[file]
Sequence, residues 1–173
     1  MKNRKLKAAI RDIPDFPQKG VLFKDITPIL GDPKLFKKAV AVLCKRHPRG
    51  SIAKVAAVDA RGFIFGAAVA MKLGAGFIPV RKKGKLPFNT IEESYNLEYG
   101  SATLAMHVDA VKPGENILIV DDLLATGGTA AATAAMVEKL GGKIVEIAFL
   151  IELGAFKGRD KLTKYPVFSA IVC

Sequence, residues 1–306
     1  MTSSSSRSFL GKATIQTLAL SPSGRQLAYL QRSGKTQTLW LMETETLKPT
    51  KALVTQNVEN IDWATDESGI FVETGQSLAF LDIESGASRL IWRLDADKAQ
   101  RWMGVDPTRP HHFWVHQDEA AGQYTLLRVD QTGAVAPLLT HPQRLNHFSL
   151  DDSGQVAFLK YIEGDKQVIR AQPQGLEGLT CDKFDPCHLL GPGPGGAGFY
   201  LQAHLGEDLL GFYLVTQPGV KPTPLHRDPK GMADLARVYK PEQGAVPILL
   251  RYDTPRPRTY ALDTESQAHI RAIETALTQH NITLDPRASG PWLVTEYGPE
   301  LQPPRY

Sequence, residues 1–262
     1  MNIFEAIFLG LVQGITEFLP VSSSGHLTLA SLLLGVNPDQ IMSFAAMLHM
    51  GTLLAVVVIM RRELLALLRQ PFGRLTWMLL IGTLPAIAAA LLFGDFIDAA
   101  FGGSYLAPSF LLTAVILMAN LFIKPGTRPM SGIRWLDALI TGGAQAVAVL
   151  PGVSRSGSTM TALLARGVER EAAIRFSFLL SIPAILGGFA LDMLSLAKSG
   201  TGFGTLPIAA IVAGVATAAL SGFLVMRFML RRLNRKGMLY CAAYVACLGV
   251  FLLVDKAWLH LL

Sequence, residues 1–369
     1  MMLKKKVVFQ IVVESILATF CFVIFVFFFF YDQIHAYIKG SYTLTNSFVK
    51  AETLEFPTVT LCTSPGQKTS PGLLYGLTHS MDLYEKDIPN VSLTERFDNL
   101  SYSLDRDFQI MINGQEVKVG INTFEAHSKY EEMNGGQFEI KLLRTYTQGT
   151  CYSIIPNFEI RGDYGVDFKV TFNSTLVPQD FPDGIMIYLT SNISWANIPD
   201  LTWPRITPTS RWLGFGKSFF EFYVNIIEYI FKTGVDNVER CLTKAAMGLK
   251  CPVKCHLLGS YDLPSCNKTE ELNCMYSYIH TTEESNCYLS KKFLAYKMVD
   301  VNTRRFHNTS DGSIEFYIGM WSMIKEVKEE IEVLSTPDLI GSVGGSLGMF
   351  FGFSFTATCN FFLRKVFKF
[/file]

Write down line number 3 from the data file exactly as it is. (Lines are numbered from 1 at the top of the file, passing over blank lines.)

    51  SIAKVAAVDA RGFIFGAAVA MKLGAGFIPV RKKGKLPFNT IEESYNLEYG